Mannitol metabolism during pathogenic fungal-host interactions under stressed conditions.

Meena M, Prasad V, Zehra A, Gupta VK, Upadhyay RS - Front Microbiol (2015)

Functions of mannitol and mannitol dehydrogenase (MTD) during plant–pathogen interactions. (A) When pathogens uses mannitol to circumvent plant defense system it quenches the ROS production and the processes marked with dotted arrows do not occur, leading to pathogen replication. (B) When plants use MTD to metabolize mannitol produced by pathogens then the processes marked with dotted arrows occur and provide resistance against the pathogen.
© Copyright Policy
Related In: Results  -  Collection

License
Show All Figures
getmorefigures.php?uid=PMC4585237&req=5

Figure 3: Functions of mannitol and mannitol dehydrogenase (MTD) during plant–pathogen interactions. (A) When pathogens uses mannitol to circumvent plant defense system it quenches the ROS production and the processes marked with dotted arrows do not occur, leading to pathogen replication. (B) When plants use MTD to metabolize mannitol produced by pathogens then the processes marked with dotted arrows occur and provide resistance against the pathogen.
Mentions: A key indication that mannitol may have a part in plant–pathogen communications came from the observation that the celery mannitol catabolic catalyst MTD was a pathogen-induced protein in celery (Figure 3; Williamson et al., 1995). Tobacco does not produce mannitol, MTD and corresponding protein and RNA accumulation is induced in fungus infected tobacco (Jennings et al., 1998).

Bottom Line: The metabolic pathways for mannitol biosynthesis and catabolism have been characterized in filamentous fungi by direct diminishment of fructose-6-phosphate into mannitol-1-phosphate including a mannitol-1-phosphate phosphatase catalyst.In plants mannitol is integrated from mannose-6-phosphate to mannitol-1-phosphate, which then dephosphorylates to mannitol.The enzyme mannitol dehydrogenase plays a key role in host-pathogen interactions and must be co-localized with pathogen-secreted mannitol to resist the infection.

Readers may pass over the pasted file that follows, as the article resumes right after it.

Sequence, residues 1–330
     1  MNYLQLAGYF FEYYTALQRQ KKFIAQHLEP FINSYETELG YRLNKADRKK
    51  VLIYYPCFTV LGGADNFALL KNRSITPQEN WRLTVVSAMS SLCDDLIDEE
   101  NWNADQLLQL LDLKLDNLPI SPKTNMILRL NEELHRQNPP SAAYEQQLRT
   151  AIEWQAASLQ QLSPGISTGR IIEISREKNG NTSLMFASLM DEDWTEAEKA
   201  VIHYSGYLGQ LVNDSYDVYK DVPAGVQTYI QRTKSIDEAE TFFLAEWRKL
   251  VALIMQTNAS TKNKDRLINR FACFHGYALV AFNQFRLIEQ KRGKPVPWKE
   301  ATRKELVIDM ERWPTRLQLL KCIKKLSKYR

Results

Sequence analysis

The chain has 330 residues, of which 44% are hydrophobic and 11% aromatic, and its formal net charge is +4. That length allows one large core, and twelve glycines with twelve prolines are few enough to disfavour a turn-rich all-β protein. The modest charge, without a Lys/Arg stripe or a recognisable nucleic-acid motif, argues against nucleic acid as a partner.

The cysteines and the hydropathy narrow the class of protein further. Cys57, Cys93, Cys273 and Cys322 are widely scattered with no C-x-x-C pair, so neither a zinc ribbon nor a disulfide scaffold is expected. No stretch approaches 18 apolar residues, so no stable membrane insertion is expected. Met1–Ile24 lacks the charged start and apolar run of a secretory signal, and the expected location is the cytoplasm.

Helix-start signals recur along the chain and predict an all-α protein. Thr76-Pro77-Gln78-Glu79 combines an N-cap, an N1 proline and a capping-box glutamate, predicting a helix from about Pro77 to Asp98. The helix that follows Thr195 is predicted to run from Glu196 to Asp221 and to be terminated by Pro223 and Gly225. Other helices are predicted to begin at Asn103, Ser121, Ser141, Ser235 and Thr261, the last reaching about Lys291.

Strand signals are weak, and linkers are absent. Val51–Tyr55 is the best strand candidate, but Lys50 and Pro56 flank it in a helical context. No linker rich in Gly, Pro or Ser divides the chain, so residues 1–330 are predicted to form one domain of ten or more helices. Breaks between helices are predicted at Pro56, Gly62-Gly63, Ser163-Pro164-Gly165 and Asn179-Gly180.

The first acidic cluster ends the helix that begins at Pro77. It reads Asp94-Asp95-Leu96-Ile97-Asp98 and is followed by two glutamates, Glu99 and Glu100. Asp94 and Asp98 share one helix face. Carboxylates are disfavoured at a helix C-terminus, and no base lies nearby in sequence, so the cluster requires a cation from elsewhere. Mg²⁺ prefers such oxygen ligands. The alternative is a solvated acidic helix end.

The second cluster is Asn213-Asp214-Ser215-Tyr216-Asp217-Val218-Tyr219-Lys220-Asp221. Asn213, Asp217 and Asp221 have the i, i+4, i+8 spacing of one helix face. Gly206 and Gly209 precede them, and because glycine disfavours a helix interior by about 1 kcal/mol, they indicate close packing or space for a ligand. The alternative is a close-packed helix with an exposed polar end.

View Article: PubMed Central - PubMed

Affiliation: Department of Botany, Banaras Hindu University Varanasi, India.

ABSTRACT
Numerous plants and fungi produce mannitol, which may serve as an osmolyte or metabolic store; furthermore, mannitol also acts as a powerful quencher of reactive oxygen species (ROS). Some phytopathogenic fungi use mannitol to stifle ROS-mediated plant resistance. Mannitol is essential in pathogenesis to balance cell reinforcements produced by both plants and animals. Mannitol likewise serves as a source of reducing power, managing coenzymes, and controlling cytoplasmic pH by going about as a sink or hotspot for protons. The metabolic pathways for mannitol biosynthesis and catabolism have been characterized in filamentous fungi by direct diminishment of fructose-6-phosphate into mannitol-1-phosphate including a mannitol-1-phosphate phosphatase catalyst. In plants mannitol is integrated from mannose-6-phosphate to mannitol-1-phosphate, which then dephosphorylates to mannitol. The enzyme mannitol dehydrogenase plays a key role in host-pathogen interactions and must be co-localized with pathogen-secreted mannitol to resist the infection.

No MeSH data available.


Related in: MedlinePlus